The starting lineups for Mariano Rivera’s first game at Yankee Stadium, June 6, 1995*.
Rivera started: 4 IP, 7 R, 7 ER, 1 BB, 3 SO, hit 2 batters, gave up homers to Geronimo Berroa and Ruben Sierra
A’s won, 8-6.
Mariano Rivera’s scouting report, July 8, 1995
"DID NOT SEE AN OFF-SPEED PITCH. HE NEEDS ONE FOR THE FUTURE."
Courtesy of the Baseball Hall of Fame
#8 HOUSTON, HELLO: OK, one more postseason nugget before we move on. This man faced the best hitters on the best teams in baseball in 98 postseason games — and held them to this microscopic slash line: .174/.212/.227. Now here’s what that means, essentially: In the most important games of his life, he turned the best hitters on earth into Houston Jimenez — only not that good. (Jimenez’s career slash line: .185/.221/.234.) Not even David Copperfield could pull off that magic trick. Could he?
#16 WELL ADJUSTED: If you’re not familiar with one of best new-age pitching stats in existence — Adjusted ERA-Plus — it essentially takes a pitcher’s ERA, adjusts it for ballpark factors and the era in which he pitches, and then compares him to the “average” pitcher of his time. And the verdict is in. Rivera hasn’t been merely the greatest relief pitcher ever. If we go by Adjusted ERA, he’s been the single most dominant pitcher ever, starter or reliever. On a scale in which the average pitcher rates 100, Rivera’s Adjusted ERA, over a 19-season career, is an unreal 205. Not only is that the very best Adjusted ERA in history among pitchers with at least 1,000 career innings, but nobody else is within 50 points of him. Right, 50! Your runner-up: Pedro Martinez — at 154. Holy schmoly.
#21 THE LEADING MAN: Finally, for all these years, Joe Torre and Joe Girardi have pretty much run every game they’ve managed with one thought: Hand a lead to Rivera, kick back and start loving life. It’s worked out kind of well, I’d say. Over these last 19 seasons, the Yankees have handed Rivera a lead in 914 different regular-season games. Their record in those games? How about 868-46, the Elias Sports Bureau tells us. That’s a .950 winning percentage. They’ve placed 68 more leads in his hands in the postseason — and gone 64-4. That’s a .941 winning percentage. You realize, right, that pretty much nothing in life or baseball is 95 percent certain to happen? But winning a game when you hand Mariano Rivera a lead to protect?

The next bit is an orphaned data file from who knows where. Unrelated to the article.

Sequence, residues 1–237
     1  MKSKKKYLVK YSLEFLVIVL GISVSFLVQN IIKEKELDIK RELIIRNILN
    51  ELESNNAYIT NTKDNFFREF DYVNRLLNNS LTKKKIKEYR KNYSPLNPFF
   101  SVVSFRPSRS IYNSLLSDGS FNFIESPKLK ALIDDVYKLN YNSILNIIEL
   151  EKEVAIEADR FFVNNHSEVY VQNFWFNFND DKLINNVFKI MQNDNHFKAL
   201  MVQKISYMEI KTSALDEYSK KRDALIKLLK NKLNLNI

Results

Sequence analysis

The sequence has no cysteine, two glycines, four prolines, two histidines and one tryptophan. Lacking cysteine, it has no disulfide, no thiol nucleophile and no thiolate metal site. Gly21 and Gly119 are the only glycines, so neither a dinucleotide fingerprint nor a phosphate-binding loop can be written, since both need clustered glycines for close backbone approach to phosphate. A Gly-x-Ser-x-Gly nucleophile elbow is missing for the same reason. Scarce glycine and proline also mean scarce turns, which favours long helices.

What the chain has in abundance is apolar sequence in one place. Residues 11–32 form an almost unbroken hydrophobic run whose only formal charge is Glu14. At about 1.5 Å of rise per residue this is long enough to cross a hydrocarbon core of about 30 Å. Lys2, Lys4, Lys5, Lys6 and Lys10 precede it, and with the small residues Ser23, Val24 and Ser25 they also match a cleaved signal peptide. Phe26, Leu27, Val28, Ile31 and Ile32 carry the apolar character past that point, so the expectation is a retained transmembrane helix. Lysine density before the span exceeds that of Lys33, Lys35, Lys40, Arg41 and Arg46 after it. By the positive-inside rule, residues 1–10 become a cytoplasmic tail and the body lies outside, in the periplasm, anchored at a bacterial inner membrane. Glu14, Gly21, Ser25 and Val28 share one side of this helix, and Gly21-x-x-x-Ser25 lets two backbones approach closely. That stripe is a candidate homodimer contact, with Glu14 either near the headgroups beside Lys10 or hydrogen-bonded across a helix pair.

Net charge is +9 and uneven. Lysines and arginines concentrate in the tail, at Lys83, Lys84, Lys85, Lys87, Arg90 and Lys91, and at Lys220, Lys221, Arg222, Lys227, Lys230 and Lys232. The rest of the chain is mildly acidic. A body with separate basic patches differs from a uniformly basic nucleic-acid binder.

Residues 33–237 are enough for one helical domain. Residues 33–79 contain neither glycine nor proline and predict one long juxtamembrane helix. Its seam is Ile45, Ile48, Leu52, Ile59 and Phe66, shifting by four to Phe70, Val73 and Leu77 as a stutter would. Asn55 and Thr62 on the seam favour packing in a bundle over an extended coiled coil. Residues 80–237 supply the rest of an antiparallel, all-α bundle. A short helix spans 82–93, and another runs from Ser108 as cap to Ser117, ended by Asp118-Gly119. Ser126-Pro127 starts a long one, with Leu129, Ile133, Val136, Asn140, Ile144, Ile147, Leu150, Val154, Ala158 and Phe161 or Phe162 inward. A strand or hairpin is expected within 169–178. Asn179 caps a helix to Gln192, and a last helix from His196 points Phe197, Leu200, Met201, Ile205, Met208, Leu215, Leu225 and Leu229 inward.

"It was just so cool that Motley Crue showed up for Mo."
Just a reminder that the Twins won the Mariano Rivera Retirement Gift Awards this year.
The rocking chair made of broken bats. Nothing better.
And yes, we all want one.
The Boston Red Sox honored New York Yankees closer Mariano Rivera with a painting of him tipping his hat to the crowd during the 2005 ring ceremony, the pitching rubber from the visitor’s bullpen, a team-signed No. 42 that hung on the Green Monster’s manual scoreboard whenever he came in to pitch, and a 1934 blue seat from Fenway Park on Sept, 15, 2013. (
Mariano Rivera should give tours of his home beginning this winter.
42, we will miss you.
"The Only Yankee We Will Miss"
The Sox also gave him the pitching rubber from the visitors’ bullpen.
Mariano Rivera signed the bullpen wall at Fenway Park during his final game there.
"Last to wear #42, thank you for everything."
September 15, 2013
If he was a mechanic he would only fix Toyota Corollas. That’s it. A Corolla would pull into the service station, the owner would look into the service bays, and out he would walk in his blue coverall with “Enter Sandman” in the background.
Well, it’s just a guess.
Delta Airlines dedicated a 757 to Mariano Rivera.
(Next thing you know all of baseball will retire his number…oh, wait.)
Introducing New Era’s Mariano Rivera cap collection.
You would think you would honor a guy who had one pitch with one hat (there is one more - a 39THIRTY).
Until tonight, Mariano Rivera had never had a blown save in a game where he didn’t get an out. - @DannyKnoblerCBS
Coming into tonight, 43-year-old Mariano Rivera was a perfect 18-for-18 in save chances with a minuscule 1.40 ERA. But the Mets, knowing that this could very well be the last time they would ever face Rivera, decided it was their final chance to place a curse on the pitcher, the anger from the baseball gods be damned. And so, disguised as a moment of New York unity, the Mets had Rivera throw out the ceremonial first pitch to Mets team leader in saves, John Franco.
Look, you can watch it for yourself:
What’s that, you say? You didn’t notice the moment the curse took effect? Look again. See, when John Franco appeared to bow in reverence to Rivera he actually did something much worse. He sent curse waves to Rivera which are visible under infrared. How do you feel about this gamesmanship, Jack Morris:
The effects were nearly instantaneous, too. Just look at where Rivera’s ceremonial pitch ended up:
That’s the location from a pitcher with impeccable command, one who hadn’t lost a game all season? Sure, and next you’re going to tell me that there aren’t reptilian creatures in positions of power all over the world.
And so, with the dark magicks in effect, Rivera entered the game in the bottom of the ninth and the Yankees holding onto a 1-0 lead. Trying to rely on his trusty cutter, Rivera soon found that he didn’t have dominance over the five winds. Daniel Murphy hit a double down the line. David Wright then tied the game with a liner back up the middle, nearly hitting Murphy and taking second when the throw to the plate bounced away from the catcher. And with the fire burning and the cauldron bubbling, Lucas Duda singled on a liner to Ichiro Suzuki who was unable to throw Wright out at the plate. It was over, the cackling sound of laughter ringing through the stadium.
Rivera will now be examined by the ghosts of Yankee Stadium to see if there are any mystical precautions they’ll need to take before his next appearance.